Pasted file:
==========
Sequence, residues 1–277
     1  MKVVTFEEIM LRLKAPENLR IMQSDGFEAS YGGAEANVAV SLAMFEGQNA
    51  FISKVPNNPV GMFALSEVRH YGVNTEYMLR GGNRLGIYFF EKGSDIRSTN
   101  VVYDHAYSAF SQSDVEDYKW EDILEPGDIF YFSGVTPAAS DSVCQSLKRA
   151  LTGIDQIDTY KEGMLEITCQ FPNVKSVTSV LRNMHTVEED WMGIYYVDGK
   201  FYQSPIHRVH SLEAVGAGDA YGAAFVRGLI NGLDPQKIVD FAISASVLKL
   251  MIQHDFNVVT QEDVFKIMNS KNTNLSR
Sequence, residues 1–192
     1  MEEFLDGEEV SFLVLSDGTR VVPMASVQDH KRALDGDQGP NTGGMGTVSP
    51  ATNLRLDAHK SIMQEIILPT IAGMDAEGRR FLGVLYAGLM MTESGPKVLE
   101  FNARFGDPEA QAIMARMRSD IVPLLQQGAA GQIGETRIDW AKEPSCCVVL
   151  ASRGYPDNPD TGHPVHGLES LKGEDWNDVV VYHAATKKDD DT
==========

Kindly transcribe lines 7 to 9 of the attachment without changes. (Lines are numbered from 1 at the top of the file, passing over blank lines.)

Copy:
   251  MIQHDFNVVT QEDVFKIMNS KNTNLSR
Sequence, residues 1–192
     1  MEEFLDGEEV SFLVLSDGTR VVPMASVQDH KRALDGDQGP NTGGMGTVSP